Just one week after Greek voters turned down Europe’s latest offer of a financial rescue, its leaders agreed to an even more painful deal. This came after Prime Minister Alexis Tsipras told voters that he would have more leverage over Europe if they turned down the previous deal.
A bailout package previously estimated to top €50 billion is now expected to cost roughly €86 billion. Some of the increase is to cover costs to re-capitalize Greek banks which have largely become insolvent as depositors sought to pull their savings while still denominated in euros in case Greece converted back to its pre-euro currency, the drachma.
Voters previously turned down a proposal that would have involved tax increases and cuts to pension benefits. The new tentative deal requires the Greek Parliament to very quickly approve these items. In addition, Greece will have to pledge €50 billion in state-owned assets that will be privatized in coming years, under the supervision of the European Union. Greeks are also required to make significant policy changes, including new laws making it easier to fire employees and to reduce state control of certain products such as pharmaceuticals and milk.
his will be the third financial rescue of Greece in recent years, on top of €73 billion in 2010 and €154 billion in 2013. To give some idea of the enormity of this bailout for such a small country, it would take $33 trillion to reach the same percentage of U.S. GDP.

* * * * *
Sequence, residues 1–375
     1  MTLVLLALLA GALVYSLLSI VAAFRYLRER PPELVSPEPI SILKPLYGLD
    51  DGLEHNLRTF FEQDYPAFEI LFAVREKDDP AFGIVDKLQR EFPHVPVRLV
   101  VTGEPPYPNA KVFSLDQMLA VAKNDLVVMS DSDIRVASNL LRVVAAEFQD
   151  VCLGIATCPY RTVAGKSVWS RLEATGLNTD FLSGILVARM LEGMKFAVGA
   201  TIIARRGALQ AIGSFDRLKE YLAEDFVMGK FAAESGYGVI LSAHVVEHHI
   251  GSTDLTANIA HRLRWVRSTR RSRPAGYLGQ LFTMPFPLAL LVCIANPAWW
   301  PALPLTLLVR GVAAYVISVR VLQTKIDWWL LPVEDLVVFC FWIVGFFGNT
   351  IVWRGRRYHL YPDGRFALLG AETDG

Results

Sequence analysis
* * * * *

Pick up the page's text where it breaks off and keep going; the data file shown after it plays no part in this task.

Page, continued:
We were not particularly concerned about the much-feared “Grexit” (a contraction of “Greek” and “exit”) from the euro. Greece represents just 1.8% of Eurozone GDP and much less of the global economy. Our only concern was that Europe might be too lenient on Greece, as it has been in the past, which would make it more difficult to demand austerity from other troubled nations. This latest agreement, should it be completed mostly as contemplated, would allay our concerns.
China’s stock market has been on a roller coaster over the past year. It approximately tripled in less than a year, then fell one-third before partially recovering. In an effort to boost softening economic growth, China motivated investors to buy shares. It appears to have worked unsustainably well. The amount of margin debt in China quintupled in just one year. However, very few Chinese actually own shares, and most companies raise money through debt issuance rather than in the equity markets.
China is far from a market economy and the government is overly intrusive into its markets and economy. After the stock market slipped, the government sought to prevent further weakness by banning large shareholders from selling. Trading in almost half of listed companies was suspended. Barring the doors is a sure-fire way to induce panic. Maybe it will work this time, but government interference slows the development of the private markets China says that it wants to create.
While U.S. investors panicked in recent weeks, they failed to take into account that Greece is irrelevant to the U.S. economy and China isn’t that important either. China accounts for just 7% of exports from the U.S. In comparison, Canada and Mexico buy 34% of U.S. exports, and Europe represents another 22%. However, a serious impairment to China’s growth would be significant as China has provided a high percentage of global economic growth since the 2008 economic crisis.